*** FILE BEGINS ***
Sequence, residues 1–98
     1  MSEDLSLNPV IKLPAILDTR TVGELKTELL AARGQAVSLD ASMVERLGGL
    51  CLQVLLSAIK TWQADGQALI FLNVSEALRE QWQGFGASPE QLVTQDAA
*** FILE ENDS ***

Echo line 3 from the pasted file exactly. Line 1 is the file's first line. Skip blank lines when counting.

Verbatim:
    51  CLQVLLSAIK TWQADGQALI FLNVSEALRE QWQGFGASPE QLVTQDAA